Urban Roma, segregation and place attachment in Szeged, Hungary

By György Málovics, University of Szeged, and Remus Crețan, West University of Timisoara

Cretan

Photo 1: Housing conditions in one of Szeged’s segregated neighbourhoods

Romani people occupy a complex social position within Europe, due to the stigmatization and discrimination they have faced for centuries there. Numerous studies have shown a strong ‘Romaphobia’ in European contexts (van Baar, 2011), positioning the Roma as Europe’s dehumanized ‘outsiders’ (Powell and Lever, 2017). This literature highlights that ‘the trajectory of the Roma in Eastern Europe is towards ghettoization’ rather than towards integration thus limiting life opportunities in numerous ways for people living in those neighbourhoods, but also providing advantages like protection and solidarity (Wacquant, 2012). A significant amount of research and media news cover this marginalization and urban spatial segregation of Roma in Europe, but the experience of living in ‘Gypsy ghettos’ needs to be examined in a more structured way. Our recent publication in Area (Málovics et al. 2018) addresses this challenge by providing a bottom-up view of the complex phenomenon of place attachment among marginalized urban Roma in two ghettos in Szeged, Hungary.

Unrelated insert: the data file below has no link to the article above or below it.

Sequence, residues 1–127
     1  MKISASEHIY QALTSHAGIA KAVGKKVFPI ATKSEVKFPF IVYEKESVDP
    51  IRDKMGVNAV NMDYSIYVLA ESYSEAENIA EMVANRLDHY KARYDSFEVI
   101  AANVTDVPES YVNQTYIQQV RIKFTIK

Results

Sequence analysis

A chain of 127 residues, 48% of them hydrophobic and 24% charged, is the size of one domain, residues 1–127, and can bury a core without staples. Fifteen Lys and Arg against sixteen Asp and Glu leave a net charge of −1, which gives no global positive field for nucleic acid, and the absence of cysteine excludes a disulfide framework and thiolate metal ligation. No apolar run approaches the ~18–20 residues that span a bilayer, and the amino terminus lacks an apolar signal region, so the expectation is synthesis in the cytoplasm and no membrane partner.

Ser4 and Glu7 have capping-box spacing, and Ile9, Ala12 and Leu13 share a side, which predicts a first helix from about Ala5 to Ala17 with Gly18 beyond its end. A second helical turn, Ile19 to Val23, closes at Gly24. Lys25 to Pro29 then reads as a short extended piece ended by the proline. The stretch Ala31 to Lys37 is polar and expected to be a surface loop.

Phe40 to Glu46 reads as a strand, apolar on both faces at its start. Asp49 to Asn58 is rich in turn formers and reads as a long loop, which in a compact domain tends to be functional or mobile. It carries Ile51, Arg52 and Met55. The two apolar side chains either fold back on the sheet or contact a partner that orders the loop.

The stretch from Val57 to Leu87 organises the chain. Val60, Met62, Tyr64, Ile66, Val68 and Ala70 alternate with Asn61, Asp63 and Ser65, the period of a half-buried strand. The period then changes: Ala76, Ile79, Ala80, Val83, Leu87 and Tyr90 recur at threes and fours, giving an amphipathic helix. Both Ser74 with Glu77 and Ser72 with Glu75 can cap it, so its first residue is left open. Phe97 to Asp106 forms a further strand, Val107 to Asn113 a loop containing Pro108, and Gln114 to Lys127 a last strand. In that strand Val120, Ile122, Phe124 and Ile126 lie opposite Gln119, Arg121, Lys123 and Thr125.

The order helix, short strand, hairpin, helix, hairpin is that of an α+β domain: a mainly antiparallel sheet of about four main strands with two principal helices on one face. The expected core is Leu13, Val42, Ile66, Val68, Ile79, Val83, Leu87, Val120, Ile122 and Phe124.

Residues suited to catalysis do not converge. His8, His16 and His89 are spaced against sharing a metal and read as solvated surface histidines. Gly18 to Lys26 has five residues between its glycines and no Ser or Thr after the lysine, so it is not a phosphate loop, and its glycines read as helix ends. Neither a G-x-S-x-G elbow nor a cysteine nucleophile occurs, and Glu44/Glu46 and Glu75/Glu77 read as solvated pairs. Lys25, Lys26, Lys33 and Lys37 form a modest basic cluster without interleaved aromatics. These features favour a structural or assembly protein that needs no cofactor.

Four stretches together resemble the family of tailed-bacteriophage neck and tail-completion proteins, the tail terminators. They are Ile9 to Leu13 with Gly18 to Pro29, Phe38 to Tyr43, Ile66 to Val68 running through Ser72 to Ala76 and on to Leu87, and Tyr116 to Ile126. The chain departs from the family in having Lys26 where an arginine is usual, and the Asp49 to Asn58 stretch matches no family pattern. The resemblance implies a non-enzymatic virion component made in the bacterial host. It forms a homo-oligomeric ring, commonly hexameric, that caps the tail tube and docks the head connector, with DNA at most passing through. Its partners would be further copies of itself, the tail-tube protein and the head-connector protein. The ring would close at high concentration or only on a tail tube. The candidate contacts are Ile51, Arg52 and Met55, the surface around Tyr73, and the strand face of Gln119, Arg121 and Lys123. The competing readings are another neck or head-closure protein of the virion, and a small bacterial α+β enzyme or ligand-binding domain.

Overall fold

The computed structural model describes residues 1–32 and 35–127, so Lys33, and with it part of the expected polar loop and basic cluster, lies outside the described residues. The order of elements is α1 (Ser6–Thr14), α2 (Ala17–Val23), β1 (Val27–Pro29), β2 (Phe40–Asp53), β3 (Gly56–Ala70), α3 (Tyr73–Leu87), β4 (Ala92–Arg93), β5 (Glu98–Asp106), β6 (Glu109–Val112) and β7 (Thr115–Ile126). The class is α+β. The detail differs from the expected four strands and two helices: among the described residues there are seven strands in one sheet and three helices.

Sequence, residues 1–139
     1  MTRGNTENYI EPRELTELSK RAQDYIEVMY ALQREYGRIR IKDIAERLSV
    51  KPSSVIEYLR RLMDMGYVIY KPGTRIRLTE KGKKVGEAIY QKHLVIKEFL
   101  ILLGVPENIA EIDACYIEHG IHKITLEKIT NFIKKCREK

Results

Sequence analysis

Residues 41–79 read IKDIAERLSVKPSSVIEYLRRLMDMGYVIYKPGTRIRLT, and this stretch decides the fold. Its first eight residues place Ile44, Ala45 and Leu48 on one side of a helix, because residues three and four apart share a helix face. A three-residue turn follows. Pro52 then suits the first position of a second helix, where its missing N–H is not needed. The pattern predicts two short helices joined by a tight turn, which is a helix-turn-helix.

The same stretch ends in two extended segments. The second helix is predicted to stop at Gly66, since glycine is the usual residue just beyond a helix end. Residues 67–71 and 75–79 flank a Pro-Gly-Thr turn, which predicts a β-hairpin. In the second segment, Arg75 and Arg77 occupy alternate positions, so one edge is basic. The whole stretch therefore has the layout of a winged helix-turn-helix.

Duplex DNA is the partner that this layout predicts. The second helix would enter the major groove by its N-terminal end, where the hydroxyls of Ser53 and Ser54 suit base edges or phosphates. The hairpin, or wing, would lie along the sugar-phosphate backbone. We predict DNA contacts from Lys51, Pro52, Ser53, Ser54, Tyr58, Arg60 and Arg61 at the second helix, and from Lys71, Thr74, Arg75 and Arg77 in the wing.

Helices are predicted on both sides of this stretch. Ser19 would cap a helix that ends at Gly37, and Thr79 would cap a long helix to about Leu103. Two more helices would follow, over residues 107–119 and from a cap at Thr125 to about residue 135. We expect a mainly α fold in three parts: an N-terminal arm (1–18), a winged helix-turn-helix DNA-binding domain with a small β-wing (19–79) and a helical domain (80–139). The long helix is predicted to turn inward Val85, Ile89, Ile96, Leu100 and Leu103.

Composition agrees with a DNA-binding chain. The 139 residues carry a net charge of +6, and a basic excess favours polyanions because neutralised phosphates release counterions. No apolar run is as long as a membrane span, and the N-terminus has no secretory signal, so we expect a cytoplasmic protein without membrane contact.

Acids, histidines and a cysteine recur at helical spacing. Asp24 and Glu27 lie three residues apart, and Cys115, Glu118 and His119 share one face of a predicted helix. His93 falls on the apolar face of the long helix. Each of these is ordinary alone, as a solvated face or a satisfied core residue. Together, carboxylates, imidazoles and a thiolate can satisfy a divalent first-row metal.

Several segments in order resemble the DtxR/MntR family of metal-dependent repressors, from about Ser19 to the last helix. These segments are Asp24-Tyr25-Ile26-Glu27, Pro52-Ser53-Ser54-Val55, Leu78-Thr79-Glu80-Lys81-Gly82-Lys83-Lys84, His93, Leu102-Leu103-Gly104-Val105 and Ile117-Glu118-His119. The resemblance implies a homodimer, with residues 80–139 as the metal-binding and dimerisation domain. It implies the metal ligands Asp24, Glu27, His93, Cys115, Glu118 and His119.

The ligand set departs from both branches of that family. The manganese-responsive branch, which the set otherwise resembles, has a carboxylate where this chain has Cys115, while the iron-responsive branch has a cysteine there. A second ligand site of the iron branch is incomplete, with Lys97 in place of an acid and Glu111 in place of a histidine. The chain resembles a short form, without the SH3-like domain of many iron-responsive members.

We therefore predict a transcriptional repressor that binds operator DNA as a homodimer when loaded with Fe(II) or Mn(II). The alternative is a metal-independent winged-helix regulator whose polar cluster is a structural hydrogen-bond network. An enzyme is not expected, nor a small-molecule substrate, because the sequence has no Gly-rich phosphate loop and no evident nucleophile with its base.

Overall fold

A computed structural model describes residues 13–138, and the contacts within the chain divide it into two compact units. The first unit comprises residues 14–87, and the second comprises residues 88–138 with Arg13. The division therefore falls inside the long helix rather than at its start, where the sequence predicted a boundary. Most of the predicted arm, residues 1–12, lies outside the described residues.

Approximately 3% of the Hungarian population (300,000 Roma) reportedly live in segregated environments, of which at least 1,633 ethnicity-based segregated neighbourhoods are known (Domokos and Herczeg, 2010). Findings from Szeged activists’ six-year participatory action research (PAR) project demonstrate that characteristics of both place and community relations are key determinants of place attachment for segregated urban Roma. Social relations within marginalized Roma neighbourhoods are shaped by dual ties. Traditional relationships based on reciprocity still exist, representing not only significant material and emotional support for families but also strong expectations towards sharing and the lack of a private sphere. In addition, we observed a process of social and spatial disintegration: Roma communities are becoming more fragmented, members aid others only in times of great distress, and they exclude those on the margins. The physical characteristics of segregated Roma neighbourhoods exert a dual influence on place attachment: these are ‘beyond-the-pale’ areas for local and national authorities. Basic public services are thus often neglected, resulting in poor housing conditions and an untidy environment (Photo 1), but also the perceived benefits of cheap housing and the relatively unregulated use of open spaces.